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Let’s talk about the ‘hooting’ culture

As per the definition of the well-known Wikipedia “a festival is an event ordinarily staged by a community, centering on and celebrating some unique aspect of that community and its traditions, often marked as a local or national holiday”.

Festivals are celebrated to meet specific purposes, like commemoration, thanksgiving, honoring ancestors among other reasons but eventually, everyone gets to have some fun, share the unique cultural norms while fraternizing with new and old pals.

In Ghana, it is common to have relatives in the Diaspora return home to re-unite with family members, initiate local projects and have a good time. So it comes as no surprise when the streets of Osu were flooded with people cheering Ga Mantse ( Ga chief) and his subjects as they led the Homowo festival.


Now here’s some history on this exciting occasion.  Homowo festival is celebrated by the Ga people of Ghana. The Ga people belong to the Ga-Dagbe group of Kwa people who inhabit the Greater Accra region of present day Ghana. The Ga communities comprise of six main independent traditional areas; Gamashi, Osu, La, Teshi, Nungua and Tema.

Interestingly, though all these traditional areas celebrate Homowo, it happens at different times of the year. This festival originates from the migration of the Ga- Adangme from a place in Nigeria, Ile-Ife to Ghana. While embarking on this journey, many of the migrants perished.

Fortunately for them, when they got to the present day Greater Accra region, they engaged in farming and fishing and to their utmost surprise, they had a bumper harvest.  So they decided to celebrate their good fortunes by this festival, Homowo which is celebrated to hoot at famine.

According to Osabu-Kle’ s  research on the people of  Ga, the preparation for the festival begins with the planting of crops before the rainy season which begins in May. In June, a ritual called ‘gbemlilaa’ (locking the way) bans drumming and music to enable people attend to crops with seriousness. This is followed by ‘nshobulemo’ or ritual to calm the sea. Another ritual called ‘okomfemaa’ bans fishing in the lagoons until the Homowo festival is over.

It is noteworthy that Homowo is preceded by yam festivals in the villages of the hinterland. This village version of celebrating victory over hunger do not feature hooting and ridiculing hunger at this  stage; the hooting aspect is reserved for the capital towns at the grand ocassion. When the date for the Homowo festival of a traditional area is near, the people of that traditional in the villages are expected to return to their homes in the respective capital towns. The villagers begin to arrive a week before the celebration beginning on Thursday. This Thursday is deemed the sacred day of the earth thus visiting the farm is prohibited. The first arrivals on Thursday are called ‘Soobii’ (Thursday people).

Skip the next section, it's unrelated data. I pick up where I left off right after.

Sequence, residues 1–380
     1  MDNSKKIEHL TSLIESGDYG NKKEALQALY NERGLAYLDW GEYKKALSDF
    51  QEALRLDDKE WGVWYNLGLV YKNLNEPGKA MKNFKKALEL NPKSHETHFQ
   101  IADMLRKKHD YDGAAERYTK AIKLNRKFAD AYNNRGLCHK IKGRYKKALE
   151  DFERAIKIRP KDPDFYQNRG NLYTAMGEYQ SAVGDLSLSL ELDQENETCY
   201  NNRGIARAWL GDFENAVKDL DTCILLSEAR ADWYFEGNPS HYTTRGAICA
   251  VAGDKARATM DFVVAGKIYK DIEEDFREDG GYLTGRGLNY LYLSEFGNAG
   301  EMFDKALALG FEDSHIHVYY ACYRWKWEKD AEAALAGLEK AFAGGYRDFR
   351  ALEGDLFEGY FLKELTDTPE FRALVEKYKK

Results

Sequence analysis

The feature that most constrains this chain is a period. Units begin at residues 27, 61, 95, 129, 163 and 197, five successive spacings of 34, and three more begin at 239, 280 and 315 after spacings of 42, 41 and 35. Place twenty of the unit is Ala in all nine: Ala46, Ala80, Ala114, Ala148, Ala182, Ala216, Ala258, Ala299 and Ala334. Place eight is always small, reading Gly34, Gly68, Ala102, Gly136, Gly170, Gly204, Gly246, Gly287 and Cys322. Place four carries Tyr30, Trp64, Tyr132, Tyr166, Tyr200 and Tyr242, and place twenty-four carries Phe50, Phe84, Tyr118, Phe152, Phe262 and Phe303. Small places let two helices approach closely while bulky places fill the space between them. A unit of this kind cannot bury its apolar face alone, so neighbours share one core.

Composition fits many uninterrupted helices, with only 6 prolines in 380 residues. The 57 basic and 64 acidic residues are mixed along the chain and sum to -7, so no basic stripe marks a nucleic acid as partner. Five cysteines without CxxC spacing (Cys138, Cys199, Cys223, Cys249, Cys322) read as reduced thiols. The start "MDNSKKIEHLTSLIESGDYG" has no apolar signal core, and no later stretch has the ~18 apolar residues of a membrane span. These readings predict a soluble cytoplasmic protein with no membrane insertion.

The villagers arrive with jubilating songs bringing their harvested crops especially maize and palm nuts.

Friday of the arrival week is dedicated to remembrance of those who died during the year. In the early morning hours of Tuesday, the sacred day of the sea when sea going is prohibited, ‘kpokpoe’ and palm nut soup are prepared for the feasting.


The Mantse (Chief) of the traditional area, clan heads, family heads and head of families pour libation to Maawu (God), Sisadzi- ghost, DzemaWodzi – ancestral spirits, and Wodzi – spirits or gods sprinkle white kpokpoe (Traditional food made from maize) mixed with palm soup with generous amount of fish and meat to the DzemaWodzi, Wodzi and Sisadzi to thank them, invite their blessings, and to signify the beginning of the feast. This sprinkling of food is done in a possession where celebrants follow the traditional chief doing the ritual while they cheer and hoot at hunger.

The next day, Wednesday, is the day  of ‘ngoowala’ (asking for long life) when the young ones visit the elderly to wish them long life as the elderly, in turn, shower the young with gifts of all sorts including money.

So watching such a beautiful event recently spearheaded by Nii Nortey Owuo III, Osu Manste, amidst drumming, dancing, sprinkling ‘Kpokpoi’, through the streets of Osu I made a lot of sense to me this time.


I did enjoy every aspect of Homowo with the basic understanding that, it was a time where the people of Ga shared the key precepts of gratitude, blessings, good fortunes, longevity and paid famine back with Hoo-o-oting!


For more history of the Ga’s google http://carleton.ca/africanstudies/wp-content/uploads/Ga-People-and-Homowo-Festival.pdf


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